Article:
Chicago’s Greg Ward leads a brilliant Rogue Parade art Green Mill; a farewell to Joseph Jarman

Chicago saxophonist Greg Ward says he acquired the identify for his latest band – Rogue Parade – from a podcast he heard.

Regardless of the source, the title appeared good Friday night time at the Inexperienced Mill, the place Ward and rambunctious colleagues produced a music that strutted joyously from one offbeat to the subsequent in a riot of sound.

Not that every thing Rogue Parade played was loud and rhythmically buoyant. But even at sluggish tempos, this quintet reveled in thick instrumental textures and intriguingly bizarre sonorities, all made cohesive by the ingenuity of Ward’s compositions and the fluidity of his colleagues’ improvisations.

There’s an incredible deal about this unit that stands out, beginning with its instrumentation, Ward’s keening alto saxophone strains drenched in colour, concord and dissonance from two electric guitars (nimbly played by Dave Miller and Matt Gold). Add Matt Ulery’s bass (electric and acoustic) and Quin Kirchner’s thunderous drums, and you had a band that instructed the work of more than 5 hyper-kinetic musicians.

But for all of the decibels and power concerned, not once did this music turn out to be overbearing or pompous. These players listened too intently to at least one one other and dealt too rigorously with the compositions at hand for that to have happened.

All the music of the evening’s first set derived from Ward and Rogue Parade’s hanging new debut album, “Stomping Off from Greenwood” (Greenleaf Music), its first six tracks performed in sequence. If the music bristled with the spirit of invention on the recording, it proved nonetheless extra emphatically efficient in live performance.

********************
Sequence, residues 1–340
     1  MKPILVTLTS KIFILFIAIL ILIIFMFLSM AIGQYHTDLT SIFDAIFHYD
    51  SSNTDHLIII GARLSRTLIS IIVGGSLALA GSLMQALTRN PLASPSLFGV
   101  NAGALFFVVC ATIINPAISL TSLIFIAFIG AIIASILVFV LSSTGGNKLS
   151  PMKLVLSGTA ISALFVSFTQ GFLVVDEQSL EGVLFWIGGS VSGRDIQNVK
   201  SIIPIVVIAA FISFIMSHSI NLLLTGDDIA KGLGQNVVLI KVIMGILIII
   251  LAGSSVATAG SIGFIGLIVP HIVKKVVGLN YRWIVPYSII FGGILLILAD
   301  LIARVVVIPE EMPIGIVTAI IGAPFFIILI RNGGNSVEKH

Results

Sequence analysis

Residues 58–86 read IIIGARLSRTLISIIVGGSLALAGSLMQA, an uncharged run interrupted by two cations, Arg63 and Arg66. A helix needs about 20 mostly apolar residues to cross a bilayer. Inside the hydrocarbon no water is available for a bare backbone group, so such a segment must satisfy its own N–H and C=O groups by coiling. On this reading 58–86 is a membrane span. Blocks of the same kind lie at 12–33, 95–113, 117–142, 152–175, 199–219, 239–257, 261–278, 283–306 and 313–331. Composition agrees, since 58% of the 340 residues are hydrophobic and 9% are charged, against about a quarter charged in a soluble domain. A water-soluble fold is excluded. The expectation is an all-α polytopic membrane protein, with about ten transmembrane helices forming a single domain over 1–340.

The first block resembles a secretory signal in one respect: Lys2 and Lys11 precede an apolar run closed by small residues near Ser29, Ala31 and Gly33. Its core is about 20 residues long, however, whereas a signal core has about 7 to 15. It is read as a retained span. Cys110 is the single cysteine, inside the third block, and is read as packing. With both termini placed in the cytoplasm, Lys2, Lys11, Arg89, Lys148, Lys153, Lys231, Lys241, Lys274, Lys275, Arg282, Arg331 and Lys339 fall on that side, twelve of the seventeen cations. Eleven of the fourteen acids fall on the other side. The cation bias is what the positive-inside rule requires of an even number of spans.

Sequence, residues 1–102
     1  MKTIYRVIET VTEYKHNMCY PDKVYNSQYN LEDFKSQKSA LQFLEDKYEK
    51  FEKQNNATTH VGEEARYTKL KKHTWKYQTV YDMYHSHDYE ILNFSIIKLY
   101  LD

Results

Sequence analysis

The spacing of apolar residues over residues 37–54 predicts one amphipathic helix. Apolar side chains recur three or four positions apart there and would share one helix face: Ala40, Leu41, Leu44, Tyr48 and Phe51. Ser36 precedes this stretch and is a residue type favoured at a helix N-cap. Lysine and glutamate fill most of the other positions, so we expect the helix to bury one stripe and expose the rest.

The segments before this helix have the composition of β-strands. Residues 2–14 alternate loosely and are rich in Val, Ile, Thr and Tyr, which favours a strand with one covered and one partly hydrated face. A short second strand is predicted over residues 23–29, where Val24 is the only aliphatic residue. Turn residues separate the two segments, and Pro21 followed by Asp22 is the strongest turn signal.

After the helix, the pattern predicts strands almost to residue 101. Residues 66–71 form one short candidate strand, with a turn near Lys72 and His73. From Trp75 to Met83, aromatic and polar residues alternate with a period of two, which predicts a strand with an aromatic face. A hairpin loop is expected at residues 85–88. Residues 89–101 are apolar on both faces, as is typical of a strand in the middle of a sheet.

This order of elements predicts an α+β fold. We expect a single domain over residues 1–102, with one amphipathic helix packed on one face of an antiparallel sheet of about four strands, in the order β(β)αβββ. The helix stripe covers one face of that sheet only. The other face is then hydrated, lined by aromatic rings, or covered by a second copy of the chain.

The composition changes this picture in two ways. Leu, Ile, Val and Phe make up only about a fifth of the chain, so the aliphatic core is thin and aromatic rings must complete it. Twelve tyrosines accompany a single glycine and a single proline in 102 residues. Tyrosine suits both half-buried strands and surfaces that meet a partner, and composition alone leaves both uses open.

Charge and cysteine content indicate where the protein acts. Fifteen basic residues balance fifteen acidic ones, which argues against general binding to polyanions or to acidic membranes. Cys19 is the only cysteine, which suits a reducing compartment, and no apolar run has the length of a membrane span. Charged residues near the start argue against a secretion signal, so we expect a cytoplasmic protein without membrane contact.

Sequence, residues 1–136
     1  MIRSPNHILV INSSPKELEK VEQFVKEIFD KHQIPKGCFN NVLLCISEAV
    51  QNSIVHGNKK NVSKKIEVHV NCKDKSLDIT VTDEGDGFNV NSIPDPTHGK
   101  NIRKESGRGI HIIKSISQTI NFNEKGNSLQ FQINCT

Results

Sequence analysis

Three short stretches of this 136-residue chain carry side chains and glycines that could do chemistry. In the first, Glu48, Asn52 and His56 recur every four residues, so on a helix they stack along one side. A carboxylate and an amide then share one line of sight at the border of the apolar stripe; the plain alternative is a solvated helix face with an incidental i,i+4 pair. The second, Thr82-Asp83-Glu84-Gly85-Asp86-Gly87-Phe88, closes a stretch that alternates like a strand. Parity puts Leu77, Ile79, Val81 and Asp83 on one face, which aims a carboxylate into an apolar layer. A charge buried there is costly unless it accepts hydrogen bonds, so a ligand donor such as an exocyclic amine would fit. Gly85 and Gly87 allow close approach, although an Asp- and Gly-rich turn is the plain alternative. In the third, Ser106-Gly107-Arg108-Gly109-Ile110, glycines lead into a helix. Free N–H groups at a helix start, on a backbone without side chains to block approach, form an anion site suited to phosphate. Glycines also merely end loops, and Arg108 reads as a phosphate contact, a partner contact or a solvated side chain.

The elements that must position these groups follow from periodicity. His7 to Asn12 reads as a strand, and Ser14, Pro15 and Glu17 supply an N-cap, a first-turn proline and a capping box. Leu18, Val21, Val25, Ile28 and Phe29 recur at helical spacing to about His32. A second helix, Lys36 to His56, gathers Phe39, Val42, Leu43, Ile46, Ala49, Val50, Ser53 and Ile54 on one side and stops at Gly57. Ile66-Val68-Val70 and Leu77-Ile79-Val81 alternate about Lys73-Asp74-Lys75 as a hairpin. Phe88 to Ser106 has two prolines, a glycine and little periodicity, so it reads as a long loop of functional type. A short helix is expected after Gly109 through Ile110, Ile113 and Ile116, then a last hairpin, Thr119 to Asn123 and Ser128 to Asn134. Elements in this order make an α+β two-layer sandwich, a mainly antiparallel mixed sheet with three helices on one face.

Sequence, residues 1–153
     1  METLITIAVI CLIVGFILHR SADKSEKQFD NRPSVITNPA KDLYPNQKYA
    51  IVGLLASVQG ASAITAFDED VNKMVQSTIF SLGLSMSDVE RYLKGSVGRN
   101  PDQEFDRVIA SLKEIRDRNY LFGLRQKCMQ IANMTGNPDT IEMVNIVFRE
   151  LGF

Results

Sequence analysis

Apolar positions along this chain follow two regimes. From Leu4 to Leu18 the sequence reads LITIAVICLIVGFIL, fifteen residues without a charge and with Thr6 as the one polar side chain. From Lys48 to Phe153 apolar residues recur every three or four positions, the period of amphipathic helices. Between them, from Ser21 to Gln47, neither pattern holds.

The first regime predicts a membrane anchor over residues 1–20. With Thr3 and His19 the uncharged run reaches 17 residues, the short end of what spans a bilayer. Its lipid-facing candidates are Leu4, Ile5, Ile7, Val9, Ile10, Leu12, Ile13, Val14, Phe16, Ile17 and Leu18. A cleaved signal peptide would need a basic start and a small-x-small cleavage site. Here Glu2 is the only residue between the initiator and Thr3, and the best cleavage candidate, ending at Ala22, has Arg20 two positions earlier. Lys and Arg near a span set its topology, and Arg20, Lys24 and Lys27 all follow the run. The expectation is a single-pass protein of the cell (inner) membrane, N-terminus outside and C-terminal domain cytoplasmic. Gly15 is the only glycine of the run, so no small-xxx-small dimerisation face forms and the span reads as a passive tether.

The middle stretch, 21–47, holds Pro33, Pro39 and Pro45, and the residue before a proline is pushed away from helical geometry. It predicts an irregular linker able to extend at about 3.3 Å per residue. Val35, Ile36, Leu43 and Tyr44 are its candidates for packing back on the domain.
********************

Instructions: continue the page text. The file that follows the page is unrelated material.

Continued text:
Who might sit still through the repeated-notice agitations and clanging, duel-guitar eruptions of “Metropolis,” which opened the performance? The sinuous themes and full-throated exhortations of “Excerpt 1” unfolded at a slower, extra majestic tempo, but the exuberant character of the music remained the same.

Later within the evening, the ever-swelling ensemble sound of “The Contender,” otherworldly sonic effects of “The Fourth Reverie” and inherent rhythmic and harmonic rigidity of “Let Him Reside” attested to the storytelling nature of Ward’s music. The bandleader regarded his solos not as events for grandstanding but, as an alternative, as themes awash in ensemble sound, his strains bobbing to the forefront before receding into the background.

But each time Ward’s alto saxophone was at its most outstanding, it was straightforward to admire the dusky character of his tone and the tightly coiled nature of his musical statements.

Ward has been delivering essential work on report and in concert for years. The “Stomping Off from Greenwood” music stands as his latest excessive point.

Greg Ward and Rogue Parade perform at 8 p.m. Saturday on the Inexperienced Mill Jazz Membership, 4802 N. Broadway; $15; 773-878-5552 or

Farewell Joseph Jarman

Joseph Jarman, an early member of the Affiliation for the Advancement of Artistic Musicians (AACM)…

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